Pattie's Blog: What do investing and marathon training have in common?
Published Saturday, July 28, 2012 7:00AM EDT
With all the talk of the Olympics it has brought back a memory of this crazy idea that I would run the Ottawa Marathon. Now don't get me wrong I was a recreational runner and had done a number of half marathons -- just never the full race and I felt the time had come.
As I embarked on my training I was literally all over the place. I didn't have a plan, I didn't have specific goals and I knew it wouldn't be long before I was injured. That is when it dawned on me that I should set my training agenda along the lines of my investment strategy.
I'm a long term investor and this was a long race, not a sprint, and at the end of the day no matter how you looked at it I wanted "gold" in both activities. So here are some of the lessons I learned along the way.
First as I relate this to running: My seven steps to fitness freedom
- 1) I made the decision to get fit – then created a plan
- 2) I looked at where I was then and set reasonable goals
- 3) There were common mistakes I made that actually hurt my performance
- 4) I realized I needed to learn more about the sport and how to effectively train
- 5) I had to become disciplined
- 6) My training went beyond running
- 7) Built my team
Now the parallels to investing: My seven steps to financial freedom
- 1) Plan: we all need to start with a plan. This is our road map of what we hope to accomplish, in what sort of time-frame. I was never going to go out and run 26 miles on the first day nor was I going to build a plan right off the start that was going to help me achieve my financial goals. However, if I didn't put a plan into place how was I going to know if I was off track, and where to take corrective action? Plus there were others who were ahead of me in training and that stressed the importance of having my own plan….cookie cutter approaches in training and investing don't work.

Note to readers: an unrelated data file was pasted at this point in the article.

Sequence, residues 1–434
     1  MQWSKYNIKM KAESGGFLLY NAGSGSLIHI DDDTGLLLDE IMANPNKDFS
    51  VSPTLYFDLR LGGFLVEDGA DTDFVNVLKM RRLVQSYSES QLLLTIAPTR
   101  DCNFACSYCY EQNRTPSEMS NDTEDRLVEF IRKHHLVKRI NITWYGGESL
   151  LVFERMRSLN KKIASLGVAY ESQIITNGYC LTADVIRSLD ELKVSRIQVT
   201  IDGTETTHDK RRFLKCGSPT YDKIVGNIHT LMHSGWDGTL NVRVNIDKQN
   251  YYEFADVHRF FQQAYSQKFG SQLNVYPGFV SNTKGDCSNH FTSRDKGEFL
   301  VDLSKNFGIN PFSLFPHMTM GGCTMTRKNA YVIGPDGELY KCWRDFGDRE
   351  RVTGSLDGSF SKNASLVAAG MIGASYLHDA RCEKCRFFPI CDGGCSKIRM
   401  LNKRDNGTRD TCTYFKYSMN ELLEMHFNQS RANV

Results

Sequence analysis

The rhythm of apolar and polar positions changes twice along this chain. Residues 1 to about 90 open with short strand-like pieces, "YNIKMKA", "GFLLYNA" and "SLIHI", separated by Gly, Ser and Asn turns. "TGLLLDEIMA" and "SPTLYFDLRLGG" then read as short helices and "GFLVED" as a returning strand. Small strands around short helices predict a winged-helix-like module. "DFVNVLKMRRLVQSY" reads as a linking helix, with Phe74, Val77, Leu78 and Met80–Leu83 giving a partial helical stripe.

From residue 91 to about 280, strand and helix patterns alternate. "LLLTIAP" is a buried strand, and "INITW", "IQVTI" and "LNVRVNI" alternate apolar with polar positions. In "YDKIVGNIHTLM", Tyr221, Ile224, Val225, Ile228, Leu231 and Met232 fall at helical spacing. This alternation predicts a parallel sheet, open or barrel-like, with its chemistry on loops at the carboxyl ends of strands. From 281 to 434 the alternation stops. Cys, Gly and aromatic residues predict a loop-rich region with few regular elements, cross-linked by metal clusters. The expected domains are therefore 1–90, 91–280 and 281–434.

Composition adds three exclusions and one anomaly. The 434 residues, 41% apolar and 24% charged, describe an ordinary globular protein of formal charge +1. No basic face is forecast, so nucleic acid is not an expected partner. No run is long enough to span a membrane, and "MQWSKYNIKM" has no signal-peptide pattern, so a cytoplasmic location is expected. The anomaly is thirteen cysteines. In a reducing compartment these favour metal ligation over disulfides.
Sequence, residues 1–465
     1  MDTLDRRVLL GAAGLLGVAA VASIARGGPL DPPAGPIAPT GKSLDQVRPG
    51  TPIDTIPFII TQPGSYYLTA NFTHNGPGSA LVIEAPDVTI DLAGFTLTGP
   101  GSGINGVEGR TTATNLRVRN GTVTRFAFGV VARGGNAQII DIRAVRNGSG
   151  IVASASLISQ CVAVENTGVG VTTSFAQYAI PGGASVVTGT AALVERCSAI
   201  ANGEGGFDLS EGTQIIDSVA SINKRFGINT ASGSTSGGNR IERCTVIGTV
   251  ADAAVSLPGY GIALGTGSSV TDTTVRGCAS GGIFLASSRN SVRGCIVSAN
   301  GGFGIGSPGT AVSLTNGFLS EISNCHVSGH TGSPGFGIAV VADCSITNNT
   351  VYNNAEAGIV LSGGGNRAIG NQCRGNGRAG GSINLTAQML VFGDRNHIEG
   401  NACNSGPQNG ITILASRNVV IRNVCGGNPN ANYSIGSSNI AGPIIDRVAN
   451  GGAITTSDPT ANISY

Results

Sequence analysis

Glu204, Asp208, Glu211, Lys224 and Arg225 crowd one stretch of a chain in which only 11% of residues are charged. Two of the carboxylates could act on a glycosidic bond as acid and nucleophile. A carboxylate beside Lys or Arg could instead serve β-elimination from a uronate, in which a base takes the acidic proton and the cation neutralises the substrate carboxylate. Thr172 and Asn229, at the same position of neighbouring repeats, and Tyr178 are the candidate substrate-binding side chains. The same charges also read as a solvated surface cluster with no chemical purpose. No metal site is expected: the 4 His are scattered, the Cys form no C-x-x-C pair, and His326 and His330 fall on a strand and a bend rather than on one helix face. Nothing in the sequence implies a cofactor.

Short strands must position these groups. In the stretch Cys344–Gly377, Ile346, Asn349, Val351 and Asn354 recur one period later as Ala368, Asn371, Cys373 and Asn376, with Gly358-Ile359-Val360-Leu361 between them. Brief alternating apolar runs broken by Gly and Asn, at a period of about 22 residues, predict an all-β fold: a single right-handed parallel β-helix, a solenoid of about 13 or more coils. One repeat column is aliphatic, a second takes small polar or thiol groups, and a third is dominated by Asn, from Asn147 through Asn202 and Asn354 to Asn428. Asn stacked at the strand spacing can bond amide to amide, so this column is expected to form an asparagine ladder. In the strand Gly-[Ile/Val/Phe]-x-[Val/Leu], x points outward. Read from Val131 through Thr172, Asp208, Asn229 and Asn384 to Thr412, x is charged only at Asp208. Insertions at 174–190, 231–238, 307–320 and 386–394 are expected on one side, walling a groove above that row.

- 2) Set Goals: I've always had short-term financial goals -- things I wanted to achieve within a year, mid-term goals accomplished in a three to five year time horizon and of course the longer term perspective. We have a different investment strategy depending on the goal. If I was looking to use the money to purchase a home within a year I would be in cash, if I'm saving for retirement I'll have exposure to the stock market, as the children required funds for university I shifted to safer investments. Goals change as you accumulate wealth and your lifestyle decisions alter. The same applied to my training strategy. The only difference was the time horizon was much shorter. What did I want to accomplish this week, this month or in six months?
- 3) Common mistakes: I fell into the trap of thinking if I ran six miles today, eight miles tomorrow would be better. Over-training, like over-exposure to one currency, one company, one sector or one country can be dangerous. You can have too short a term perspective, or become over-confident, or worse yet procrastinate and do nothing. There are numerous mistakes that we do that can be harmful to our end game.
- 4) Learn more to earn more: If you are prepared to do your own research then be sure to do it. If you aren't then be sure to get the help you need. Most professional athletes have coaches and many investors would benefit from a financial coach to steer them in the right direction and to increase their knowledge base.
- 5) Discipline is fundamental: Seasoned athletes would never try an unproven move in competition that they haven't practiced and accomplished. Successful investors never invested in anything they have not researched and understand. They are patient and rarely let emotions dictate their decisions. Discipline and focus go hand in hand.
- 6) Diversification: As I was training for the marathon, I also biked, went to yoga and did some strength training. When it comes to our portfolio, given the uneven global economic recovery and the market uncertainty, I would never put all of our money in the stock market and I continue looks for ways to reduce taxes, explore insurance options, even take on additional work.
- 7) Build your team: You don't have to do any of this alone.
If these steps worked for me (in fitness AND finance) they can work for you too! In the end I ran the Ottawa Marathon in a time of four hours and 28 minutes -- one minute less than Oprah's time and an accomplishment I am proud of to this day!